This boon for climate tech came as overall investments slump. The quarter saw $74.5 billion in venture capital funding, a total that’s down by 34% compared with the year’s second quarter. Silicon Valley tech startups specifically received 36% less funding. A separate report from Pitchbook found that venture-backed exits are set to hit a five-year low in 2022, which could further slow investments.
But climate startups continue to attract capital, particularly certain types of technology. Companies that could speed up the EV transition were big winners in the third quarter, but a Pitchbook analysis also shows that carbon capture and removal is going strong this year. The sector saw $882.2 million in investments across 11 deals in the second quarter of 2022.
Policies and government funding that could help these sectors grow, notably provisions in the Inflation Reduction Act, make EVs and carbon removal more of a sure bet. Tech companies have also committed nearly $1 billion to purchasing carbon removal services in an attempt to stimulate the nascent market.
A number of smaller VC firms are also popping up to make niche climate investments, whether into decarbonizing everyday goods or fighting wildfires. The surge in interest comes as the urgency to address the climate crisis grows.
Netflix is making it easier for people to disentangle their personal viewing data: The streaming service is rolling out a new feature worldwide this week that will let users transfer all of their personalized viewing data to a new account.
Netflix is billing the feature as a way for people to keep their viewing data and personalized viewing recommendations even if they leave the original account holder’s household. “People move. Families grow. Relationships end. But throughout these life changes, your Netflix experience should stay the same,” wrote Netflix product manager Timi Kosztin in a blog post Monday.
The feature is being introduced at a time when Netflix would very much like some of its members to spin out their profiles into new accounts. The streaming service has seen its growth stall and even decline amid strong competition from services like HBO Max and Disney+.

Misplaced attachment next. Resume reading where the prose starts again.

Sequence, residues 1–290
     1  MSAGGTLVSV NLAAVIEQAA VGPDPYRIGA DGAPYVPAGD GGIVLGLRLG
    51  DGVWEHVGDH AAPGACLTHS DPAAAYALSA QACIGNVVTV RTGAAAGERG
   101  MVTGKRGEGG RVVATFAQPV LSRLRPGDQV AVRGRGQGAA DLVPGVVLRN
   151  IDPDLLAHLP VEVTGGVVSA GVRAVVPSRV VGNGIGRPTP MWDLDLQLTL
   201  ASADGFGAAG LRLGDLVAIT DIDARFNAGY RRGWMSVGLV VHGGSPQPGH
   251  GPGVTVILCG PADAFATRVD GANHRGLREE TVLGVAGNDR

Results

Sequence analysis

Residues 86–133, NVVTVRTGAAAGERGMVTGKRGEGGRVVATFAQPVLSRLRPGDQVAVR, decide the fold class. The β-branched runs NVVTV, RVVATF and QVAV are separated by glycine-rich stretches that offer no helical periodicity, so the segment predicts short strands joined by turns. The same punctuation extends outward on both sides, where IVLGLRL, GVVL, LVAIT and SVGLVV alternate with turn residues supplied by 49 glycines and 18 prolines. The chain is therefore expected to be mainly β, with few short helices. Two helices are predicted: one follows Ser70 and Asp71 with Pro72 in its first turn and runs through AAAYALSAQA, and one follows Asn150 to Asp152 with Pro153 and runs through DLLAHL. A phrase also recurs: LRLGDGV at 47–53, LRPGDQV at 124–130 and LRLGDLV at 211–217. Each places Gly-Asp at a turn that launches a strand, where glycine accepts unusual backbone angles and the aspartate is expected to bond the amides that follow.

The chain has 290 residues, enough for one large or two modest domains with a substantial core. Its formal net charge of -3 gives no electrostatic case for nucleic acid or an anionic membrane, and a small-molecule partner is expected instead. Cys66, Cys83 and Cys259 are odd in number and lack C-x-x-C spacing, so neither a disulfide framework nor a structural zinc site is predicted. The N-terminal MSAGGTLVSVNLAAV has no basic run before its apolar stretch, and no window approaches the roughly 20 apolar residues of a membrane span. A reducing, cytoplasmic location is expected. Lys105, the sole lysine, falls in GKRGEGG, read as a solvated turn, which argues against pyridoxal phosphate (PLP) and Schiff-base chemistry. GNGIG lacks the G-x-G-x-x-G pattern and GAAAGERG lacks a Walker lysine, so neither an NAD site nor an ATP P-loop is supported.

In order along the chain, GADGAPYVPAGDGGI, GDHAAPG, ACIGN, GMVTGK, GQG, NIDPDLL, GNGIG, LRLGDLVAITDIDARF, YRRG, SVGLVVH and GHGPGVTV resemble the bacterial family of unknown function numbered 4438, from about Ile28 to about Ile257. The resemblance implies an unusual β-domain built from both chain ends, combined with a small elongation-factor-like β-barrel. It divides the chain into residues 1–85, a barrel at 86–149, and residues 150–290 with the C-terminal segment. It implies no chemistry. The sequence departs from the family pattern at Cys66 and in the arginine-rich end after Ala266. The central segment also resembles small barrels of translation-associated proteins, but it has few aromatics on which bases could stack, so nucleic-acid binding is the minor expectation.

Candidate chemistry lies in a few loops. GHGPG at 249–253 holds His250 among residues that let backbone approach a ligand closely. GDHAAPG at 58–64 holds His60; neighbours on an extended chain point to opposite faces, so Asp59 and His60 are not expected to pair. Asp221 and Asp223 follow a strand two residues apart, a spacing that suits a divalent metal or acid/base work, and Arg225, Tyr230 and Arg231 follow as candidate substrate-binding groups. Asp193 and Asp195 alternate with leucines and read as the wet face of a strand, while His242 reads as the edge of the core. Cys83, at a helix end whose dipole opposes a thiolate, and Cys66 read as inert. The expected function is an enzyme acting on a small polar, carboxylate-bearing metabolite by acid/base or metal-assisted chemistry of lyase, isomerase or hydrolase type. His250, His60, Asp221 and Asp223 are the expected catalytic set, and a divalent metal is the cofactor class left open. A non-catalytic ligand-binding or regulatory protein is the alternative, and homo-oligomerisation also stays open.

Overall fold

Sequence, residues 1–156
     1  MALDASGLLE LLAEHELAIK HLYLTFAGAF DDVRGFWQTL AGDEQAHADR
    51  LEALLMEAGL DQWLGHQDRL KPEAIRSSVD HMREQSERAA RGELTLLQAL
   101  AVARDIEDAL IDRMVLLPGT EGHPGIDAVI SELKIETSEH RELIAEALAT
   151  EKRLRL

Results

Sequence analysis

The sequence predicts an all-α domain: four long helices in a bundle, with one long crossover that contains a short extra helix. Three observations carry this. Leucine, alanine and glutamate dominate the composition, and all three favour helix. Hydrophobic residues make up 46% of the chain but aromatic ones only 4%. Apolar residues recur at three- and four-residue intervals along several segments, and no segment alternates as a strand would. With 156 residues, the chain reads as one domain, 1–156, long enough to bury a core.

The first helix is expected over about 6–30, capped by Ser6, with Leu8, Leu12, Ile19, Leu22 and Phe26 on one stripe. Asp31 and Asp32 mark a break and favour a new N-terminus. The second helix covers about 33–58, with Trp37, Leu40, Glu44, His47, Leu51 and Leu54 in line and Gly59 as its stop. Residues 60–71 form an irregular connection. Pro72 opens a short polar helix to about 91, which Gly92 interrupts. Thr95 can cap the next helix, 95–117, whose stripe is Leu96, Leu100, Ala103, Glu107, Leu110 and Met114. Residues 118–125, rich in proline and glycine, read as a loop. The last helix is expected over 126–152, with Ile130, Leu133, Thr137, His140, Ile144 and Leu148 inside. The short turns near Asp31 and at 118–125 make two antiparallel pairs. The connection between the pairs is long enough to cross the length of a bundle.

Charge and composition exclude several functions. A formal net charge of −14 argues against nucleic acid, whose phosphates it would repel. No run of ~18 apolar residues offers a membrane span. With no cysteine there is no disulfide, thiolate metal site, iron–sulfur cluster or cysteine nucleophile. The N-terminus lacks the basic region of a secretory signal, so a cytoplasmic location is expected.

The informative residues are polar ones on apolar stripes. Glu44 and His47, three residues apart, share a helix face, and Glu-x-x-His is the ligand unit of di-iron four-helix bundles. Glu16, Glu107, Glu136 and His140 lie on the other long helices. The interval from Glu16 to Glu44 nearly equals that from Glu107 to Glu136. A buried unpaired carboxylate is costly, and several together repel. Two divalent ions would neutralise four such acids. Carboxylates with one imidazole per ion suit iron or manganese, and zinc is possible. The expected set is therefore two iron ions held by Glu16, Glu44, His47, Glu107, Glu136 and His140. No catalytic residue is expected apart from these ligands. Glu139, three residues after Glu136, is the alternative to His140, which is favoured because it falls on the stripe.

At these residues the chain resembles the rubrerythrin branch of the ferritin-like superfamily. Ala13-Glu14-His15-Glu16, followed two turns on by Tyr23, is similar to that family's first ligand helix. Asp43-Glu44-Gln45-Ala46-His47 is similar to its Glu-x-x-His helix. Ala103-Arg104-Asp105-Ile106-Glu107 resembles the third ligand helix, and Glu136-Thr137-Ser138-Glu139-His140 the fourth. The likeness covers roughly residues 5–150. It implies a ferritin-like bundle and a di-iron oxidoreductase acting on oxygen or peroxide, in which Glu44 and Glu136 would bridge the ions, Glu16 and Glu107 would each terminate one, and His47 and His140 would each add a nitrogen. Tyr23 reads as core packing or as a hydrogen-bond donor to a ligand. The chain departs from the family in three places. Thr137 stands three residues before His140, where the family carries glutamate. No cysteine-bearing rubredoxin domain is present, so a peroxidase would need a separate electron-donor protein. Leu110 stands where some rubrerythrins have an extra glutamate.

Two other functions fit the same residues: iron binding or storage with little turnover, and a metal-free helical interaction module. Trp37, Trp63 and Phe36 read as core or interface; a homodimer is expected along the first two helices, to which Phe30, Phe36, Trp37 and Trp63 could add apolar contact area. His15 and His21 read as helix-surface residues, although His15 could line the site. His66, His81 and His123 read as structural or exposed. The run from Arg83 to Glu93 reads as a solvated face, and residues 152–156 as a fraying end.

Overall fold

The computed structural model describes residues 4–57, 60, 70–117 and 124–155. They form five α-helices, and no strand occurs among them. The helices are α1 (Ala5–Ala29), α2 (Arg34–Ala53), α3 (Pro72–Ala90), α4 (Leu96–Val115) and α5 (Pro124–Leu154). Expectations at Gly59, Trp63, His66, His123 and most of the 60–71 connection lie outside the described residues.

Netflix is blaming some of its woes on subscribers who share accounts with friends and relatives; the company estimates that around 100 million households participate in account sharing. Netflix plans to crack down on this in 2023 and began testing a few ways of doing so in Latin America earlier this year.

As part of those trials, Netflix tried giving people in Chile, Costa Rica, and Peru a way to take their profile data and transfer it to a new account. That was a hit with audiences, according to a spokesperson, resulting in Netflix now making it available globally. Until now, creators of new accounts have lost all access to their personalized data from previously shared accounts, including viewing history and suggestions.
Beyond Netflix’s challenges with account sharing, the new feature points to a growing importance of profiles and identity across the streaming landscape. Netflix was the first streaming service to launch individual profiles for family members almost a decade ago. Since then, most streaming services have adopted profile-based personalization.
Smart TV platforms like Google TV and Amazon’s Fire TV have gotten into the game as well, offering their users systemwide profiles. Netflix’s launch of profile portability is another first for the industry, and could lead to others building out their own profile-based streaming personalization.
Note: Protocol is owned by Axel Springer, whose CEO, Mathias Döpfner, is on the board of Netflix.
Discord announced a suite of new features and an additional, cheaper subscription tier to its Nitro service on Monday designed to position its chat platform as not just a place to talk with your friends while you play video games, but also a place to play those games with friends and find new software.
Discord, started in 2015, has grown to more than 150 million monthly active users predominantly by being a free-to-use multiplatform chat application not unlike Slack. But where Discord thrives is less in work contexts and more for seamless voice communication and in allowing large communities to organize around their interests, with a large focus on gaming.